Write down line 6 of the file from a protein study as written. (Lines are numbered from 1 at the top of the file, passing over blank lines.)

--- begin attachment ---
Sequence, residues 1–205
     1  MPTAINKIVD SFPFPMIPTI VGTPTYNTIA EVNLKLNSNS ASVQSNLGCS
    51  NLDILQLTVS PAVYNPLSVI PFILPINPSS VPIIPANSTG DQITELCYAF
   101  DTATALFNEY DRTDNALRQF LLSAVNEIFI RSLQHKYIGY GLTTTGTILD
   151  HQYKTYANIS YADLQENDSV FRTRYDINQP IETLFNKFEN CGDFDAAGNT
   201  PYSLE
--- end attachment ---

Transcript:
   201  PYSLE